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Television Industry England

ENTERTAINMENT
December 3, 1991 | JEFF KAYE, SPECIAL TO THE TIMES
Astute television viewers may be familiar with the logo of Thames Television, a sketch of London riverfront landmarks encompassing St. Paul's Cathedral, Tower Bridge and Parliament. A larger number of viewers have watched Thames programming without realizing it. From the documentary series "The World at War" to the regal story of "Edward and Mrs.
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BUSINESS
October 17, 1991 | JEFF KAYE, SPECIAL TO THE TIMES
British TV viewers are going to get a dash of Disney with their morning bowl of Weetabix as a result of new commercial television franchises awarded here Wednesday. Sunrise Television, a consortium that includes Walt Disney Co. Ltd. and several British media companies, won the lucrative contract to broadcast a commercial breakfast-time program across Britain, seven days a week. The license covers a 10-year period starting Jan. 1, 1993.
BUSINESS
September 24, 1991 | JEFF KAYE and JOHN LIPPMAN, TIMES STAFF WRITERS
British Sky Broadcasting PLC, the London-based satellite TV service formed last year by the merger of rival ventures Sky Television and British Satellite Broadcasting, appears to be close to winning some concessions from three Hollywood studios for its costly program contracts. According to sources in London, BSkyB has negotiated cheaper contracts with Sony Entertainment's Columbia Pictures division, Warner Bros. and Disney's Touchstone Pictures unit.
ENTERTAINMENT
August 17, 1991 | From Associated Press
An American evangelist who picked up the pieces of Jim and Tammy Bakker's television empire has been told he cannot work miracles on British television. The weekly "miracle healing" episode of "Victory With Morris Cerullo" was pulled last week from Super Channel after the Independent Television Commission expressed concern. The channel has 23 million viewers across Europe. Regulators say the program violates British standards because miracles cannot be proved.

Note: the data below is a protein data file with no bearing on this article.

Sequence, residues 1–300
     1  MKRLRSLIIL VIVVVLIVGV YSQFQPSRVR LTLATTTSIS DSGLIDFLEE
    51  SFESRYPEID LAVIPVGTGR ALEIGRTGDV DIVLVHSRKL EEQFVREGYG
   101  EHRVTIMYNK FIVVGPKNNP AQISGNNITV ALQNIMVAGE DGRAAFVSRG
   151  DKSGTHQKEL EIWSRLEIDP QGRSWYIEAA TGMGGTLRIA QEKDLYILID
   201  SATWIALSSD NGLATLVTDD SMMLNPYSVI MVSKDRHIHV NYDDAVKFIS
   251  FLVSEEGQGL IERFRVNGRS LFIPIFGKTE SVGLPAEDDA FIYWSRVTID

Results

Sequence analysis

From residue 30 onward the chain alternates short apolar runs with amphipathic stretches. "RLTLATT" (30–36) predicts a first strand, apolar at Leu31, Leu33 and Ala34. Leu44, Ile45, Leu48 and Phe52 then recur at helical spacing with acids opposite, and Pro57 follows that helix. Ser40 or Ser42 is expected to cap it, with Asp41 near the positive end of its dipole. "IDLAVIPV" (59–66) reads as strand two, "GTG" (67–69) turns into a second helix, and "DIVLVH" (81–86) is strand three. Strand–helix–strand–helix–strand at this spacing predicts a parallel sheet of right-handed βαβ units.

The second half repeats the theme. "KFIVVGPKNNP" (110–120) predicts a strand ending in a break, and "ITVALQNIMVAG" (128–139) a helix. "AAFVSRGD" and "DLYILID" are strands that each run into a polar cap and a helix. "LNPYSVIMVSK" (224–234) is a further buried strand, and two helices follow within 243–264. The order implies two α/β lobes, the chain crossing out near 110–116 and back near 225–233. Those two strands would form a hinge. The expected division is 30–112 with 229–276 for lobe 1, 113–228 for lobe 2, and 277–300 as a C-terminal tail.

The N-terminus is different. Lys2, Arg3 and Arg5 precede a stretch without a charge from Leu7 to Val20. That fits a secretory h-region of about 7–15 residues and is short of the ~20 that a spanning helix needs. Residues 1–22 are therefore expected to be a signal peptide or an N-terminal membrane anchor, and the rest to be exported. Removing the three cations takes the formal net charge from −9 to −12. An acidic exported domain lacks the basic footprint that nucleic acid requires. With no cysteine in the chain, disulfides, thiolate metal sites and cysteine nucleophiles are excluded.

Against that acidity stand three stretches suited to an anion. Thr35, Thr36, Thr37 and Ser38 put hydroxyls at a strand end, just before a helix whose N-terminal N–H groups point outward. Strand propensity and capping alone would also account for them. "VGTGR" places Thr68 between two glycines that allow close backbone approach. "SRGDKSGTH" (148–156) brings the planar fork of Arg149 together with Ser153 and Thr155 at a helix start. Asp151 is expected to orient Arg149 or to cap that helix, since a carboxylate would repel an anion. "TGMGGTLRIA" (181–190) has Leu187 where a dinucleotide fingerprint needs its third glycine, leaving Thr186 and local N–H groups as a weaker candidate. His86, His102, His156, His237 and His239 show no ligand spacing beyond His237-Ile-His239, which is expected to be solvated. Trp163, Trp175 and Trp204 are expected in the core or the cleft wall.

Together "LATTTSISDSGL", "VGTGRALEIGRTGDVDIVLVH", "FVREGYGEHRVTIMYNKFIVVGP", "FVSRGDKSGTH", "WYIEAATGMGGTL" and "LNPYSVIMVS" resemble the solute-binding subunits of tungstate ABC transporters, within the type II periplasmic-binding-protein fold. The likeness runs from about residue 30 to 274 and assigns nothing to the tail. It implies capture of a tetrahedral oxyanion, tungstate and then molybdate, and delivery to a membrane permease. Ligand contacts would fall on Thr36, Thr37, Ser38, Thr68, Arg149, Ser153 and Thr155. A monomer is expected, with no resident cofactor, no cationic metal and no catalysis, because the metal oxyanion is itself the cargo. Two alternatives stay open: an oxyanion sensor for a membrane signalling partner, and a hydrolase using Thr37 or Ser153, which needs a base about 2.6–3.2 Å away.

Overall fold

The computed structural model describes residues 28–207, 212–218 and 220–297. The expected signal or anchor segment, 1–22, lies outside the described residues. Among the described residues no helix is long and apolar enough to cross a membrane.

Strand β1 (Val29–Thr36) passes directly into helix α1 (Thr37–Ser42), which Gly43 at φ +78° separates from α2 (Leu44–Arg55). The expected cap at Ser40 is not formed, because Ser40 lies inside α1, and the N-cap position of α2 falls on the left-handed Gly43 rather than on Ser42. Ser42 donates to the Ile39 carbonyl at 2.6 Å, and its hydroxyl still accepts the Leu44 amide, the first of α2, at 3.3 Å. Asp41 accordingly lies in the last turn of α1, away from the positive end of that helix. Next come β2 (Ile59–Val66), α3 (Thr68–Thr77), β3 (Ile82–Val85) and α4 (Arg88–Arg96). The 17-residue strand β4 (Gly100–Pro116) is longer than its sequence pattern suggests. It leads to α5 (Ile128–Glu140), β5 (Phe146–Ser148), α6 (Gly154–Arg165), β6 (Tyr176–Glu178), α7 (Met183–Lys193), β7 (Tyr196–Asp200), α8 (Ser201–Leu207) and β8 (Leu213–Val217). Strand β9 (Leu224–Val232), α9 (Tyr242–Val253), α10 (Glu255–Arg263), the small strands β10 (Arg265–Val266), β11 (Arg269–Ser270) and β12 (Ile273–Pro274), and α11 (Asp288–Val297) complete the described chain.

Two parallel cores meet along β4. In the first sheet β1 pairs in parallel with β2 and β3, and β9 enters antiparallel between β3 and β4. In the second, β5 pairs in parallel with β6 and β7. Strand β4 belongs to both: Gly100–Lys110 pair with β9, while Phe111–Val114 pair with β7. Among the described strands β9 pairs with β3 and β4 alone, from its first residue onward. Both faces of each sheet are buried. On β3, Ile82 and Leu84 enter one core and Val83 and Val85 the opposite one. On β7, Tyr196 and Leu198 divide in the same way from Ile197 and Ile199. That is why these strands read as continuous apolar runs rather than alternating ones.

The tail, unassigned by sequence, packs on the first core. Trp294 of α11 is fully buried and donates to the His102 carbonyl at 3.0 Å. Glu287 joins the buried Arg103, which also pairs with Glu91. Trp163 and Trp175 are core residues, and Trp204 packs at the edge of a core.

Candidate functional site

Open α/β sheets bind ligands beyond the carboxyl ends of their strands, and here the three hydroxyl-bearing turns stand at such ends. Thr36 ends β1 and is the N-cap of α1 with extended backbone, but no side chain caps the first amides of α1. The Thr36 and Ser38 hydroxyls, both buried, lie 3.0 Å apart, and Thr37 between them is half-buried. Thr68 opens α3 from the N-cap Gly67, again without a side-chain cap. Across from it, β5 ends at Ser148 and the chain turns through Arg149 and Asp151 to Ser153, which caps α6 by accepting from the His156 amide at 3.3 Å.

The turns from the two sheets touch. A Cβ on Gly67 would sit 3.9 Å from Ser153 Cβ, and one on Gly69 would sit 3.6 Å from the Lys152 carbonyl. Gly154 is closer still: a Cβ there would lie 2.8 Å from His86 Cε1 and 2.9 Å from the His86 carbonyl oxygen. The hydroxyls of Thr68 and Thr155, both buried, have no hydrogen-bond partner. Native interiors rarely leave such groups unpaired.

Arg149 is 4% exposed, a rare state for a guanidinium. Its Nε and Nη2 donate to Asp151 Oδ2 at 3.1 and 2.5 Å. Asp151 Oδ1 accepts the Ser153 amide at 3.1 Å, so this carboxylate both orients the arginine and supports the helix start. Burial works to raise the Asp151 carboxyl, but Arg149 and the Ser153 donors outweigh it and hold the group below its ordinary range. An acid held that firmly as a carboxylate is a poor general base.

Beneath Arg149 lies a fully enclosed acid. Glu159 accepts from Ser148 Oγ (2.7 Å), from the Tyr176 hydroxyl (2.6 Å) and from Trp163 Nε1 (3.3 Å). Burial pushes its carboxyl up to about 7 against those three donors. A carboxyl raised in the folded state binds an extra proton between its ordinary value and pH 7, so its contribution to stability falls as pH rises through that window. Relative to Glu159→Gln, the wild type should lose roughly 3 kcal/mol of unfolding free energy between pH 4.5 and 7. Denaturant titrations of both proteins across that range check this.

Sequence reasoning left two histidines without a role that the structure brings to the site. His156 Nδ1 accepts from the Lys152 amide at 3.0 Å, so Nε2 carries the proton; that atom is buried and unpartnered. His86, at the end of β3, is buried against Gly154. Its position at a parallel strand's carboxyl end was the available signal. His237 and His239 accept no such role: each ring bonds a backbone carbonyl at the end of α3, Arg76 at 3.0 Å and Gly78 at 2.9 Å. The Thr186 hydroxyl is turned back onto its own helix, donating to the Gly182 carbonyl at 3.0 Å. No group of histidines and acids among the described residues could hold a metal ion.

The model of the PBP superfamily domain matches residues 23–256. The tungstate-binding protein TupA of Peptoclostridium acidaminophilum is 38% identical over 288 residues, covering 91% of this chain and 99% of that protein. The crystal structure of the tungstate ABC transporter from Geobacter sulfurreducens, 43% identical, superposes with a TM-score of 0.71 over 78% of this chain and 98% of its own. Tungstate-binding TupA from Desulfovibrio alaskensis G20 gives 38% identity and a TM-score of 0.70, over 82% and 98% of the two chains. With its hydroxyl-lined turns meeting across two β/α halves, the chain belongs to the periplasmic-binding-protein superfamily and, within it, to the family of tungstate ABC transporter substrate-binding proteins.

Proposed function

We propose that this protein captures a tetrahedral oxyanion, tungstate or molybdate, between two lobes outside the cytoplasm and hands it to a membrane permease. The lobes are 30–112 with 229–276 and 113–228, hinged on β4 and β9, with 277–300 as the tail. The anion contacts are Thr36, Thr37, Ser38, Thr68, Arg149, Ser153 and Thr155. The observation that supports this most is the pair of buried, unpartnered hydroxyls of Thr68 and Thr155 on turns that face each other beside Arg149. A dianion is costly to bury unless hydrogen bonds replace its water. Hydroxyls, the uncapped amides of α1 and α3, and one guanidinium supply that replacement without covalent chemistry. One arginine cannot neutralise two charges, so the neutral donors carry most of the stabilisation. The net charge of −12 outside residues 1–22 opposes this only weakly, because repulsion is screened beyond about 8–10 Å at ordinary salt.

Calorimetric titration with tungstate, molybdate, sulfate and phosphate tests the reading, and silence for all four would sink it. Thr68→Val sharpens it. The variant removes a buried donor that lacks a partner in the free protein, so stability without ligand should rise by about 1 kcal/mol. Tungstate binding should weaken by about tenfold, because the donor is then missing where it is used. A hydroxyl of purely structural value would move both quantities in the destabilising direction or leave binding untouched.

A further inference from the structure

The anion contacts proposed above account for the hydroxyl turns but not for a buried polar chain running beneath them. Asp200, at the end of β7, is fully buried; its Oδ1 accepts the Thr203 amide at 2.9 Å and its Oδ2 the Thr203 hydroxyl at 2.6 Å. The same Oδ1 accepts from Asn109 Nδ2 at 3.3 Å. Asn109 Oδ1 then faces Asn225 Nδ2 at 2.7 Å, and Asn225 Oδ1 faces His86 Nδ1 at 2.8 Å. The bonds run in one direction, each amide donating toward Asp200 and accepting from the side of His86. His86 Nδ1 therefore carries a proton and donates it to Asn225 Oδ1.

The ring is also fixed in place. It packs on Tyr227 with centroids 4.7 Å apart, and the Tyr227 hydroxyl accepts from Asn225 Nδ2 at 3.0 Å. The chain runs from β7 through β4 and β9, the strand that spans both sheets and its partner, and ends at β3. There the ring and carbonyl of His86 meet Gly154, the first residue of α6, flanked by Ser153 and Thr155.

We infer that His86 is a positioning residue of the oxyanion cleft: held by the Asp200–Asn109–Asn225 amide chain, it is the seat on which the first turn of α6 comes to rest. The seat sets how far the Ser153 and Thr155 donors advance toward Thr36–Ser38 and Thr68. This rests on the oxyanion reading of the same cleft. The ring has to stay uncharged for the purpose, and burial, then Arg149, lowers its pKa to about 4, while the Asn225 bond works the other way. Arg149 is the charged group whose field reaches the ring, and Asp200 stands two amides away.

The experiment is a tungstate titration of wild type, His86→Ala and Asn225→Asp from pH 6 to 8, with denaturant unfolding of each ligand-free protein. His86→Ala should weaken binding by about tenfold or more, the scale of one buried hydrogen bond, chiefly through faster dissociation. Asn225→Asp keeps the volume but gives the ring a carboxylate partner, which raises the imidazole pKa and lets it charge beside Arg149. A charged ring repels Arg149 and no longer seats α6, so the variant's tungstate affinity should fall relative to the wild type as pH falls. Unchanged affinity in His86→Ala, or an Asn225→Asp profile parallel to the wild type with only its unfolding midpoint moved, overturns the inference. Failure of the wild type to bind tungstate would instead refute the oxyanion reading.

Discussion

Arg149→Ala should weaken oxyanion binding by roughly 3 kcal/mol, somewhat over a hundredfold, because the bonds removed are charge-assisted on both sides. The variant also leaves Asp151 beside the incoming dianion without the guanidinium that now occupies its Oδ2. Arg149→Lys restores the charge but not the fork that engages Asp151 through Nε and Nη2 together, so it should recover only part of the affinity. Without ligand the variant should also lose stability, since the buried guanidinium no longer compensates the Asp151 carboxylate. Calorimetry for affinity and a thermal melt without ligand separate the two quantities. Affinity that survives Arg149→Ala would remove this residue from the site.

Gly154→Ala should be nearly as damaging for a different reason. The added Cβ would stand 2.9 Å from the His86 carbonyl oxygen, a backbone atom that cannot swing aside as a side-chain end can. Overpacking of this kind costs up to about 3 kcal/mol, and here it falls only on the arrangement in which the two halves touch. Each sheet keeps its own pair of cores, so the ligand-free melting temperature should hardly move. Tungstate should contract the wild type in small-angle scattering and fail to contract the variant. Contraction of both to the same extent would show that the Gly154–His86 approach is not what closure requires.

ENTERTAINMENT
May 30, 1991 | RICK VANDERKNYFF, SPECIAL TO THE TIMES
As if they needed a reminder, officials at Orange County public TV station KOCE Channel 50 are learning once again just how popular the BBC series "EastEnders" is. More than 1,000 loyal viewers of the weekly soap about working-class Londoners have called KOCE since the station announced it will skip over nearly 200 episodes because of a technical wrangle over residual rights.
ENTERTAINMENT
May 30, 1991 | RICK VANDERKNYFF, SPECIAL TO THE TIMES
As if they needed a reminder, officials at Orange County public-TV station KOCE Channel 50 are learning once again just how popular the BBC series "East-Enders" is. More than 1,000 loyal viewers of the weekly soap about working-class Londoners have called KOCE since the station announced it will skip over nearly 200 episodes because of a technical wrangle over residual rights.
ENTERTAINMENT
May 23, 1991 | BART MILLS, SPECIAL TO THE TIMES
The ad is a beguilingly soft sell. A tall, beautiful Englishwoman knocks on a door to borrow some instant coffee from the dishy man next door. It looks like the beginning of a sexy dramatic encounter, but it ends after just 45 seconds. Several months later, Episode 2 appears. The upscale lady is returning the coffee she borrowed. Electricity again surges across the doorstep. Sadly, the man can't invite her in. He's already enjoying coffee with Another Woman.
BUSINESS
May 16, 1991 | JEFF KAYE, SPECIAL TO THE TIMES
Several American entertainment giants, including NBC, Walt Disney Co. and Time Warner's Home Box Office, emerged Wednesday as competitors in the multibillion-dollar bidding war for lucrative commercial television franchises in Britain. The U.S. companies, all participating as part of consortia formed specifically to seek the 10-year Independent Television licenses, were among the dozens of entrants plunging into the murky waters of the British ITV franchising system.
ENTERTAINMENT
April 27, 1991 | JEFF KAYE, SPECIAL TO THE TIMES
Throughout two decades in power, Brazil's military regime enforced strict political censorship in the media. But the ruling generals never placed restrictions on the nation's sex-film industry. As a result, from the late 1960s to the early 1980s, some of Brazil's most talented filmmakers made soft-core porn movies with underlying political messages as a means of subverting the military leadership.
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